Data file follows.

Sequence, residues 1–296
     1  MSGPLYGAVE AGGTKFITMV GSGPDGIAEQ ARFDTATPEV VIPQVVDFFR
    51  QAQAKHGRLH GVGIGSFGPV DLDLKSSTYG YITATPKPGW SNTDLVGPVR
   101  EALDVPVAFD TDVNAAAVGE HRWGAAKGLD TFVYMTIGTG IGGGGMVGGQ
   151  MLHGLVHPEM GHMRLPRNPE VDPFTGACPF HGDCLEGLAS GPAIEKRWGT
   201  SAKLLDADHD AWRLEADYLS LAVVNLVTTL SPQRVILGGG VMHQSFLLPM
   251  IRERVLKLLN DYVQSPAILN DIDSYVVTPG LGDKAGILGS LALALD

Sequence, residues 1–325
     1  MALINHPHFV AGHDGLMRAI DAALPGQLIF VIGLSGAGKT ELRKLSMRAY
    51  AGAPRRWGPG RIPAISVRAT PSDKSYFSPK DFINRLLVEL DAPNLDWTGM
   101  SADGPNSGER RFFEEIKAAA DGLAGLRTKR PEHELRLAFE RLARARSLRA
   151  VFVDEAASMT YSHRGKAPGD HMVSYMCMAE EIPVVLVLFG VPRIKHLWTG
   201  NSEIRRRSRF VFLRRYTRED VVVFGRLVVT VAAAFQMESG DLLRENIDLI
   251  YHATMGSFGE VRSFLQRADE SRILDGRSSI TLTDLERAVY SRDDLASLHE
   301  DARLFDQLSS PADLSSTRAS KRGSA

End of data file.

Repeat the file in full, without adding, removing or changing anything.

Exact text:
Sequence, residues 1–296
     1  MSGPLYGAVE AGGTKFITMV GSGPDGIAEQ ARFDTATPEV VIPQVVDFFR
    51  QAQAKHGRLH GVGIGSFGPV DLDLKSSTYG YITATPKPGW SNTDLVGPVR
   101  EALDVPVAFD TDVNAAAVGE HRWGAAKGLD TFVYMTIGTG IGGGGMVGGQ
   151  MLHGLVHPEM GHMRLPRNPE VDPFTGACPF HGDCLEGLAS GPAIEKRWGT
   201  SAKLLDADHD AWRLEADYLS LAVVNLVTTL SPQRVILGGG VMHQSFLLPM
   251  IRERVLKLLN DYVQSPAILN DIDSYVVTPG LGDKAGILGS LALALD

Sequence, residues 1–325
     1  MALINHPHFV AGHDGLMRAI DAALPGQLIF VIGLSGAGKT ELRKLSMRAY
    51  AGAPRRWGPG RIPAISVRAT PSDKSYFSPK DFINRLLVEL DAPNLDWTGM
   101  SADGPNSGER RFFEEIKAAA DGLAGLRTKR PEHELRLAFE RLARARSLRA
   151  VFVDEAASMT YSHRGKAPGD HMVSYMCMAE EIPVVLVLFG VPRIKHLWTG
   201  NSEIRRRSRF VFLRRYTRED VVVFGRLVVT VAAAFQMESG DLLRENIDLI
   251  YHATMGSFGE VRSFLQRADE SRILDGRSSI TLTDLERAVY SRDDLASLHE
   301  DARLFDQLSS PADLSSTRAS KRGSA